We start off with the back story about how the author first came to The Netherlands twenty-five years ago to work in and help establish the Boom Chicago comedy venue in Amsterdam. He nicely describes the culture shock and disavows numerous stereotypes and preconceptions. He discovers that what he had grown up in the States believing to be Dutch Apple Pie was in fact nothing like the genuine article and that the chunky real thing made his American usurper mere apple pulp fiction. After a while, as he marries and settles down, he loses track of his identity and begins to suffer from MND – Multiple Nationality Disorder.

Greg takes us, chapter by chapter, though the different aspects of Dutch life and how to cope with, sorry, appreciate them. We learn, of course, about sex and drugs and the ubiquitous Coffee Shops. We find out more about bike etiquette and how the Dutch fail to reconcile their desire for personal freedom with the necessity of conforming and keeping a low profile.

But there is a more serious side too with the vexed and contentious issue of Zwarte Piet being covered in some detail along with the problems of immigration.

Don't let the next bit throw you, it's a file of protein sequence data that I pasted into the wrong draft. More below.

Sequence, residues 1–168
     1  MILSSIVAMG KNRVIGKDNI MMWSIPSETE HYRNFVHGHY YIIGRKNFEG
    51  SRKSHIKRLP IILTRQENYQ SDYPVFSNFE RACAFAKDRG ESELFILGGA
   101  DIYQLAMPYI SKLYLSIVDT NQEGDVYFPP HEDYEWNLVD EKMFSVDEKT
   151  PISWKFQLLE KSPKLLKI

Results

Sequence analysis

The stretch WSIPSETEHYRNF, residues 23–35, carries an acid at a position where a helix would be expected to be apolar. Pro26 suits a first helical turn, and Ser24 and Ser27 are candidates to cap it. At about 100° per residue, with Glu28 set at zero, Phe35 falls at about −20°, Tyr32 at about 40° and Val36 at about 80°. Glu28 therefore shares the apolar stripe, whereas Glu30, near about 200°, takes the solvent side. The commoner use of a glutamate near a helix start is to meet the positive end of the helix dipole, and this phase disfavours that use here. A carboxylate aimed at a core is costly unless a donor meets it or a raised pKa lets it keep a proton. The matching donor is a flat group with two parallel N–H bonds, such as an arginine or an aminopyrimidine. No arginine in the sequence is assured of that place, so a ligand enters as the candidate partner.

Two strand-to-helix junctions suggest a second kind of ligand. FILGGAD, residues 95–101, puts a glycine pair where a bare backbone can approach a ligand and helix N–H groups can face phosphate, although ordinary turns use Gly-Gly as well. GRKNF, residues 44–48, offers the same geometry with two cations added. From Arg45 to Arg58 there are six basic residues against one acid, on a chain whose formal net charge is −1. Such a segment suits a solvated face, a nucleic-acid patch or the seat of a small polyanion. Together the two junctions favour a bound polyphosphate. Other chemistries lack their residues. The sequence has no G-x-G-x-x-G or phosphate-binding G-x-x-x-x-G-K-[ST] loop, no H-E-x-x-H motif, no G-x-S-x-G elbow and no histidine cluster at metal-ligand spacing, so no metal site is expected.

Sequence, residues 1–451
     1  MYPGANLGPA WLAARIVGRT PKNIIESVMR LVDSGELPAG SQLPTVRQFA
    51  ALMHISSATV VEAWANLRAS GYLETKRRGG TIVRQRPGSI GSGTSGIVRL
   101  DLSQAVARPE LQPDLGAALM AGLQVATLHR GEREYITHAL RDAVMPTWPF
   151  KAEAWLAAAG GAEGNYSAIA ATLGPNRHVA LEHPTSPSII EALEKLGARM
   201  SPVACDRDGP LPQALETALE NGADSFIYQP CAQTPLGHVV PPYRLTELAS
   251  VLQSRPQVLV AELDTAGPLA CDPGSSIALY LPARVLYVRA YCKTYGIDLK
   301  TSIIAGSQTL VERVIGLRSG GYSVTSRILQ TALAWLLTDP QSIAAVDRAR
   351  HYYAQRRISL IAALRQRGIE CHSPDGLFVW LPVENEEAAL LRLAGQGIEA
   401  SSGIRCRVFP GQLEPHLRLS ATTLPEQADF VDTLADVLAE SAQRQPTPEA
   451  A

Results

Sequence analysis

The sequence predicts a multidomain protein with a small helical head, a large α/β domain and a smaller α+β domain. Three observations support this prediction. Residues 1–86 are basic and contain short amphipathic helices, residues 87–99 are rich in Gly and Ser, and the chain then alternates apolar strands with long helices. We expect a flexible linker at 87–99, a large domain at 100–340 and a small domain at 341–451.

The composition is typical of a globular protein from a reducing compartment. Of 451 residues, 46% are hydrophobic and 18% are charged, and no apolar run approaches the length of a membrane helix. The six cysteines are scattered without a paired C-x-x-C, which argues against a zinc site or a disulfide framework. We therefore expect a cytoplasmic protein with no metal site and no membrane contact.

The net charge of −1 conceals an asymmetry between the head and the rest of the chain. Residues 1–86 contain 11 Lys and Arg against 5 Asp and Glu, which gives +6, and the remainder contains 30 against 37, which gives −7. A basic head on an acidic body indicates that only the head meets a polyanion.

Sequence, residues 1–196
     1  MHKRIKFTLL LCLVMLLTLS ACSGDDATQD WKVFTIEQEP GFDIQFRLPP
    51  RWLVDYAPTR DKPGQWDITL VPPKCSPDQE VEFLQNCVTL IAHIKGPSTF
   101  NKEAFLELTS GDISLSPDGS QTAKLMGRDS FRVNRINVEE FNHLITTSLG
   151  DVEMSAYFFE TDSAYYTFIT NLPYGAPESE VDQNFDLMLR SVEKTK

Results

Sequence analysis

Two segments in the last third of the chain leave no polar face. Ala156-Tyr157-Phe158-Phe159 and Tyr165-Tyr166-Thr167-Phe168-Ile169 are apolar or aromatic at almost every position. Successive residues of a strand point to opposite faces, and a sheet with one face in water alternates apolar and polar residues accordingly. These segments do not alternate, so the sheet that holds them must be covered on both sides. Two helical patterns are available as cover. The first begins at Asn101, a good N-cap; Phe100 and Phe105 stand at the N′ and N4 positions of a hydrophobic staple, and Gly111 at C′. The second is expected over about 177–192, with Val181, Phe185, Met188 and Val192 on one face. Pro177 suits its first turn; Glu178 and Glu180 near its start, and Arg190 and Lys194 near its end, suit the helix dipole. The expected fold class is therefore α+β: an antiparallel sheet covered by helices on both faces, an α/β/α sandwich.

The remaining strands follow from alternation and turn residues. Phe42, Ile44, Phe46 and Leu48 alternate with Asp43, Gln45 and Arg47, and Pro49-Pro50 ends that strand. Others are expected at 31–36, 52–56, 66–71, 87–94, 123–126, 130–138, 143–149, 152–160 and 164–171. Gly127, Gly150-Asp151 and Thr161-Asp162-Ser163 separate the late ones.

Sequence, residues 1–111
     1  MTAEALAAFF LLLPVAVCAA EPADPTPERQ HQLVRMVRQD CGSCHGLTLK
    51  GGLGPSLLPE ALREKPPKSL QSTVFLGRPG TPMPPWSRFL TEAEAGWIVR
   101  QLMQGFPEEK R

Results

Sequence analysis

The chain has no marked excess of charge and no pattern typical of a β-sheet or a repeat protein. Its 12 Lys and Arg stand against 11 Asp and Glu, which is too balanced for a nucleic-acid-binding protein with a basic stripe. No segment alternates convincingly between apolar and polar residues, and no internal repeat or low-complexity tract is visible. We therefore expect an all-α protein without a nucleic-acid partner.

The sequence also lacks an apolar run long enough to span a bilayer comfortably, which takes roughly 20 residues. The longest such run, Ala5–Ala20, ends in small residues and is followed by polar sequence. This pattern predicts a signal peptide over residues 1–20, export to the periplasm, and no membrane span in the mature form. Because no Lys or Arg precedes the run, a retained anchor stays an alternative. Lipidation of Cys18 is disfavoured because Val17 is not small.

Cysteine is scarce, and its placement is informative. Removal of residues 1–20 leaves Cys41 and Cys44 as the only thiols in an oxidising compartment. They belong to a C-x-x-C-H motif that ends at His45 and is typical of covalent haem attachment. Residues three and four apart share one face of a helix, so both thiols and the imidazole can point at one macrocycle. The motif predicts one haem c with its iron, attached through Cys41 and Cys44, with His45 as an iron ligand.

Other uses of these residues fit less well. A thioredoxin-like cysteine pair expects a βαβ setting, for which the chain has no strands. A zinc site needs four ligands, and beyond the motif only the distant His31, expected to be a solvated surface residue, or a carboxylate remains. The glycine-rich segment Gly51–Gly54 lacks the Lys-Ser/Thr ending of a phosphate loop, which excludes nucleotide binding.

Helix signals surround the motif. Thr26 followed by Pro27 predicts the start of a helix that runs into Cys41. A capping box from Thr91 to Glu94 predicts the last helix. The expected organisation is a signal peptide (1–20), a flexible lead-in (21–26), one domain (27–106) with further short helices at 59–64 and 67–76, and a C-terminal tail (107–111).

If you are an expat in The Netherlands, Zwarte Piet will already have raised your eyebrows by an inch or two. If you are elsewhere in the world you will find the phenomenon of Zwarte Piet (Black Pete) hard to believe in this day and age when black live really do matter.

The Dutch have Santa Claus with the best of ‘em, or Sinterklaas as they call him, but that’s of no matter. The difference is that while most Santas are content to have a horde of helpful elves and reindeer as acolytes, old Sinterklaas rides a white horse and has a swarm of black helpers dressed up in gold and red velvet. Piet is a sort of black Robin to Sinter’s bearded Batman. These kids are unashamedly blacked- up à la Al Jolson and parade around with their sacks dispensing candy to the children – but politically correct they certainly are not. Greg examines the question in some detail and is able to see the Dutch point of view. This year the big parades of 5th December were cancelled and it seems the Dutch might surreptitiously use that as an opportunity to phase out Black Pete. Some have started calling him Sooty Pete instead . . .

Serious though it is, the subject is treated in an easy going, unpreachy, unjudgemental manner by Greg and he gives us an insight as to how the phenomenon was considered normal and acceptable and how it might continue and/or change.

The last section of the book re-utilises Greg’s previous book How To Be Dutch: The Quiz. This is both funny and informative. Questions are posed and you have to select one out of three possible answers. The correct answer is given and an explanation of why it is. Again, this is broken down into sections like bikes, health care, politics and . . . err . . Zwarte Piet.